Recovering from a heart attack can seem like a very long process. Your doctor may recommend that you change everything, from what you eat to your normal physical activity routine.
These changes can greatly improve your overall health and, most importantly, reduce your risk of having another heart attack.
Here are nine steps you can take to beat the odds.
Smoking is a major risk factor for heart disease and should be avoided at all costs. If you’re a smoker, talk to your doctor to find a plan to help you quit.
Tobacco causes blood clots, damages your blood vessels, and can make it difficult for blood and oxygen to reach your heart and other organs. Nicotine also raises your blood pressure. And, while you’re at it, stay away from secondhand smoke too. It can be harmful even if you’re a nonsmoker.
High blood pressure, also known as hypertension, stresses your heart and blood vessels. Lifestyle changes such as exercising, following a low-sodium diet, and maintaining a healthy weight can reduce your blood pressure. Your doctor may also prescribe beta-blockers to help.
There are two kinds of cholesterol: high-density lipoproteins (HDL) or “good” cholesterol, and low-density lipoproteins (LDL) or “bad” cholesterol.
Too much bad cholesterol increases your risk of heart disease and another heart attack. Your doctor may prescribe statins to lower the level of LDL. Regular exercise and eating a heart-healthy diet can also play a role in lowering blood pressure and bad cholesterol.
Both type 1 and type 2 diabetes are related to insulin hormone levels. People with type 1 diabetes don’t produce insulin, whereas those with type 2 don’t produce enough insulin or use it correctly.
Both types of diabetes increase your risk of heart attack and stroke. If you have diabetes, managing it with medication, exercise, and dietary changes is vital to reducing the chance of a second heart attack.
Whether you walk, jog, run, cycle, swim, or dance, regular cardiovascular exercise strengthens your heart, and lowers your LDL level and blood pressure. It also helps relieve stress, boost your energy level, and helps with weight management.
With so many positive effects, it’s no wonder the American Heart Association recommends at least 150 minutes per week of moderate exercise or 75 minutes per week of vigorous exercise — about 30 minutes a day. Before starting an exercise regimen, be sure to get your healthcare provider’s approval.
Carrying extra weight requires your heart to work harder and less efficiently. Even if you have no other risk factors, excess body fat puts you at higher risk for a heart attack. Talk to your doctor if you’re having trouble losing weight. They can recommend a weight loss program or treatment plan to help you change unhealthy behaviors.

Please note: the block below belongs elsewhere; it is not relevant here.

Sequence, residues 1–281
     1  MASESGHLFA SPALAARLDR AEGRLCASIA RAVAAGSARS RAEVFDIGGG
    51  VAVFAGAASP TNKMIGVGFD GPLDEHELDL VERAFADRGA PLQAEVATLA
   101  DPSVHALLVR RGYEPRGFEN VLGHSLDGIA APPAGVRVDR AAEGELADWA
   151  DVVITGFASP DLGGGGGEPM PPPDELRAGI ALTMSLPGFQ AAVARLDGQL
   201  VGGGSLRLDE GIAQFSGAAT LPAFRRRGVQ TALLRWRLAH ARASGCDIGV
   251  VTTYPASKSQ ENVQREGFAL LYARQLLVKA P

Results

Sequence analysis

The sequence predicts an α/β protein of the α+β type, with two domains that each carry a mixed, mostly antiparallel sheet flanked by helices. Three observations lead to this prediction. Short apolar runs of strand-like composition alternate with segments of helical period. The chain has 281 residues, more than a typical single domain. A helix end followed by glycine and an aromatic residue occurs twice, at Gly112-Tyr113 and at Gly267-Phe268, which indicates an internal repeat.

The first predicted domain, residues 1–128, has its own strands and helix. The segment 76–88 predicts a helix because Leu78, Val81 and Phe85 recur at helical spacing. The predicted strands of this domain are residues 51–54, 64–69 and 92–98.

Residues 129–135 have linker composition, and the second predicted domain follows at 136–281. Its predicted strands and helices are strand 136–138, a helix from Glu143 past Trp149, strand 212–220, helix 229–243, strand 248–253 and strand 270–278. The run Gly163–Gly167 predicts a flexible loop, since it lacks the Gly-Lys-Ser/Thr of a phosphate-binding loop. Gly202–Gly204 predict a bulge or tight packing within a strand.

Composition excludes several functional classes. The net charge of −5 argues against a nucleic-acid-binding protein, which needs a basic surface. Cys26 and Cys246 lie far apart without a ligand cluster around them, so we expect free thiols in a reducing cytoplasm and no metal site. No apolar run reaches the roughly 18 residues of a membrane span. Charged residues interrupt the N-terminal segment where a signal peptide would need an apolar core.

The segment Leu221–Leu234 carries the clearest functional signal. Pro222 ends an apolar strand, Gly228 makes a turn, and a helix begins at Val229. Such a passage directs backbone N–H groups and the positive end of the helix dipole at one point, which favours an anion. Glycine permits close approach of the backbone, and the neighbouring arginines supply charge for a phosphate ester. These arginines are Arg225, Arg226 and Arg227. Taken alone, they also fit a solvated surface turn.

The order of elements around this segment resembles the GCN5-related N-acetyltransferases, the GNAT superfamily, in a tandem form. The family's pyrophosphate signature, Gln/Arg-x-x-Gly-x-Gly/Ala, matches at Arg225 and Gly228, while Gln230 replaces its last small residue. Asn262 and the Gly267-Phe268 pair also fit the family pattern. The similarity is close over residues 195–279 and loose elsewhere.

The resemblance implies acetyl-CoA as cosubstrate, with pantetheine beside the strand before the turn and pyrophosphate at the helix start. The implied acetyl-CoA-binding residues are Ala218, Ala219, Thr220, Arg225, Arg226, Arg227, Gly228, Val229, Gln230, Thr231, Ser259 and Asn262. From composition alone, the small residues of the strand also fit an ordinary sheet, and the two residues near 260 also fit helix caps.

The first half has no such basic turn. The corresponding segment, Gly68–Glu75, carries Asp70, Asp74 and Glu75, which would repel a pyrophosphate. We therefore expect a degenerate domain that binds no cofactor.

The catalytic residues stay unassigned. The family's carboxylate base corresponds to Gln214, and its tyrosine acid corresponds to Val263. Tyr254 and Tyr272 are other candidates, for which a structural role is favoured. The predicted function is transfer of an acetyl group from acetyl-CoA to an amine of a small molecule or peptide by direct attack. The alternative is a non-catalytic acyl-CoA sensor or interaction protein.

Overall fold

A diet that is high in saturated and trans fats can cause plaque to build up in your arteries. This buildup slows or prevents blood flow to your heart and can result in a heart attack or heart failure.
By cutting down on saturated fat and trans fat, you can lower your level of bad cholesterol. Modify your diet to include less red meat, salt, sugar, and high-fat dairy products. Add in more fruits, vegetables, and lean proteins.
After a heart attack, it’s normal for you to experience a wide range of emotions.
You may feel depressed, especially if you find it hard to adjust to new lifestyle changes. You may also worry about having another heart attack and feel easily angered and irritable. Discuss your mood swings with your doctor and family, and don’t be afraid to ask for help.
After a heart attack, your doctor will likely prescribe treatment to prevent another heart attack. It’s important that you stick with the treatment to keep yourself healthy.
Some of the treatments you may be given are:
- Beta-blockers. These treat high blood pressure and other heart conditions by reducing the heart rate and the workload of the heart.
- Antithrombotics (antiplatelets/anticoagulants). These help prevent blood clots. These are usually prescribed if you underwent a cardiac procedure like angioplasty or received a stent.
- Angiotensin-converting enzyme (ACE) inhibitors. These medications treat high blood pressure and heart failure by interfering with the body’s production of angiotensin, a chemical in the body that causes the arteries to constrict.
- Statins. These medications help the body process and remove bad cholesterol. This not only lowers cholesterol, but also protects the inner lining of the arteries.
Your doctor will decide which treatment is best for you based on your situation.
Your doctor can’t monitor your progress and make necessary adjustments if they don’t know what’s going on. Keep all your scheduled appointments, and make sure your doctor is aware of your progress or any setbacks, especially if you’re experiencing any pain. Open and honest communication is key to preventing a second cardiac incident.
You have the power and tools to reduce your risk of a second heart attack — use them! These changes will not only reduce your risk of a second heart attack, but also help ease your worries about another incident. Plus, they’ll help you look and feel better overall.